Lawsuits in the mortgage industry are becoming increasingly prevalent as banks are suing lenders and lenders are suing insurers in hopes of recouping losses from the sub-prime meltdown that occurred in 2008. The latest in this serious of suits comes from Bank of America (NYSE: BAC) which recently brought suit against insurer First American Corp (NYSE: FAF).
In the suit, Bank of America claims that First American failed to provide proper title searches on more than 5,500 home equity loans, resulting in $535 million in losses for the lender.
The suit, filed in Charlotte, N.C., alleges that First American relied on borrowers to disclose on information about liens and other issues that would cloud the title on their properties, rather than conducting traditional independent title searches which would demonstrate without a doubt that there are no other competing ownership claims.
“Bank of America had a reasonable expectation to be paid its charge-off amount or unpaid principal balance as the amount of loss in the event of an insured defect under the … policies,” the lawsuit states.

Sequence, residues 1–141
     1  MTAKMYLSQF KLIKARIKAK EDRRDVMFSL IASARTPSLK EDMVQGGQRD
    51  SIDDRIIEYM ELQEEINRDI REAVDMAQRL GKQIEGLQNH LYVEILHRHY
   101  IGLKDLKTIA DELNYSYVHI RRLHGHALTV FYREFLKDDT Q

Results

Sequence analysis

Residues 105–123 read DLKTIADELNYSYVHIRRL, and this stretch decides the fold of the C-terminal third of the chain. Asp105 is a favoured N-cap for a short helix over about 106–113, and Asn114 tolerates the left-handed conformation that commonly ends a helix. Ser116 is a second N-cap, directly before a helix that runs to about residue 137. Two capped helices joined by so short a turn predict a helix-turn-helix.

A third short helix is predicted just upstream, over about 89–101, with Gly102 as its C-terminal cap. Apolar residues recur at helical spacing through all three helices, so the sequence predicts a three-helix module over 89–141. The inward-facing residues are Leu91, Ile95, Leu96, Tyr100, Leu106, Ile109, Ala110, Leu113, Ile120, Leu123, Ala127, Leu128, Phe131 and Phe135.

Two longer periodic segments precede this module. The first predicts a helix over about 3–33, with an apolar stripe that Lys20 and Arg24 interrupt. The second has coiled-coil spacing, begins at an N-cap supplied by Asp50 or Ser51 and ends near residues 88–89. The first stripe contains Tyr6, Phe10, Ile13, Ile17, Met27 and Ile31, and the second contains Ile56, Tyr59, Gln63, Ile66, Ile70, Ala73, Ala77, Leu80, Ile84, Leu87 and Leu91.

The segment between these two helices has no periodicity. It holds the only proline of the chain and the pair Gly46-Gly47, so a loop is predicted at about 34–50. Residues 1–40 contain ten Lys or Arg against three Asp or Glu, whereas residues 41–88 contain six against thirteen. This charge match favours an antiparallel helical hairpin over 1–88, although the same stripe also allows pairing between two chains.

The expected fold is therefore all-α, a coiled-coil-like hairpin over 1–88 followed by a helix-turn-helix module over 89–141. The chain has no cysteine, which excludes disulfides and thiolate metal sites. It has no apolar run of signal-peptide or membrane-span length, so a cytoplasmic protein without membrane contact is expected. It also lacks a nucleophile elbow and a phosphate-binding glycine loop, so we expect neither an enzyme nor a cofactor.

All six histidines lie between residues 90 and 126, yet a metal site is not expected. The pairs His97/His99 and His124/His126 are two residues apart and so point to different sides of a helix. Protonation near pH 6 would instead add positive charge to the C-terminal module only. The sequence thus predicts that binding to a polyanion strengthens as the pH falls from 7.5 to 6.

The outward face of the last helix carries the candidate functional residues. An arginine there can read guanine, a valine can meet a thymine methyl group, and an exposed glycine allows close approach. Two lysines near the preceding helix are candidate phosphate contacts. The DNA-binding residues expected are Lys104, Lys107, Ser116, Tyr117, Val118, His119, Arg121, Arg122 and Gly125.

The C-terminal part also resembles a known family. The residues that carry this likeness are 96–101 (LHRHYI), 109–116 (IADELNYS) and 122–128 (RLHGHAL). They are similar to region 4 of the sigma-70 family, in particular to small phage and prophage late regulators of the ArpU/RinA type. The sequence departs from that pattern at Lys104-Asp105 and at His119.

According to several media reports, the title policies were issued under what was called the “QuickClose Program”, which acted as more of a lien protection program rather than full-fledged title insurance.
Lenders, including Bank of America, started to turn to these protection plans because they could be processed more quickly and were less expensive than traditional title insurance.
Charlotte-based Bank of America says that it has had to write off between $1.5 billion and $2 billion in soured home-equity loans each quarter.